A reader asks: "I read about figuring productivity but still am confused. What is the formula and what do I include?"

The formula for figuring productivity is Total Square Feet being cleaned divided by Total Direct Labor Hours expended per day that is relevant to the cleaning process or SF/DLH. You need to determine how many DLH (direct labor hours) are used on a nightly basis. The key is to be consistent in your definitions since mixing and matching can through all your future numbers off.

I suggest you include ALL the labor hours that are involved in the daily cleaning of the building while taking into account the reality that some tasks may not be performed each visit. Hours to include would be pulling trash, sweeping/vacuuming, dusting, cleaning rest rooms, carpet spotting, touching up walls, and perhaps even buffing/burnishing. Tasks to exclude would be scrub/strip/recoat of hard floors, carpet shampooing (Hot Water Extraction or shampooing), infrequent high dusting, pressure washing, scrubbing out rest rooms and other infrequent tasks. Some toss-up tasks include bonnet cleaning, encapsulation and possibly burnishing if performed frequently.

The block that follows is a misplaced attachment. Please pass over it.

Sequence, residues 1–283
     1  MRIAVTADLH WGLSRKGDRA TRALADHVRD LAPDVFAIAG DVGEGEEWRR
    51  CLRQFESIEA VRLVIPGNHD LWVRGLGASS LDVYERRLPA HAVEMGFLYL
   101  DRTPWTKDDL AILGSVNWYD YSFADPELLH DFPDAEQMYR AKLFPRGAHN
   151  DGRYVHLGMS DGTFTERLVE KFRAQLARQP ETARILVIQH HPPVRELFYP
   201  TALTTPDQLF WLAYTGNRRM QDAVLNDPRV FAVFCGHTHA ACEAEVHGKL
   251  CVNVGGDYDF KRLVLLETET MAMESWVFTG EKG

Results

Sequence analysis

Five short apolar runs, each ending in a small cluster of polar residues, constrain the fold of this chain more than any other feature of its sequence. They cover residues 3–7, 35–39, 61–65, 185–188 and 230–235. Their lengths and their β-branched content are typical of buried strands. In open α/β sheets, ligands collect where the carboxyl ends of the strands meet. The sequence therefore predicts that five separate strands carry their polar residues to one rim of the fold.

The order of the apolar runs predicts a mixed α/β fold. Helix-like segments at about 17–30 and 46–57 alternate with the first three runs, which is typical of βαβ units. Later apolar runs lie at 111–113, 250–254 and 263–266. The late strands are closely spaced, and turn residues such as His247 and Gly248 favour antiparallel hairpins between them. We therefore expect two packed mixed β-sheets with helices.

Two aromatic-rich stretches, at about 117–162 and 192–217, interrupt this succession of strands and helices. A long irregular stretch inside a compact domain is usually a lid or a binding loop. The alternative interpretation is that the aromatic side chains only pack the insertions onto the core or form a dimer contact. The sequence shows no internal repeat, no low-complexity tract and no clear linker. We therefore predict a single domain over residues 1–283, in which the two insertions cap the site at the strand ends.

We will use a 100,000 SF building that is serviced five days per week. The total direct labor hours is forty five that includes the list above as well as routine encapsulation of the front entrance and key elevator lobbies since a different area is cleaned each visit. By dividing 100,000 by 45 we determine that current productivity is 2,222 SF/Hour. This may or may not be a good number for the facility since productivity is driven by many factors including customer expectations, traffic, use of building, equipment available, etc.

In a future article we will analyze ways of improving productivity.

Mickey Crowe has been involved in the industry for over 35 years. He is a trainer, speaker and consultant. You can reach Mickey at 678-314-2171 or CTCG50@comcast.net.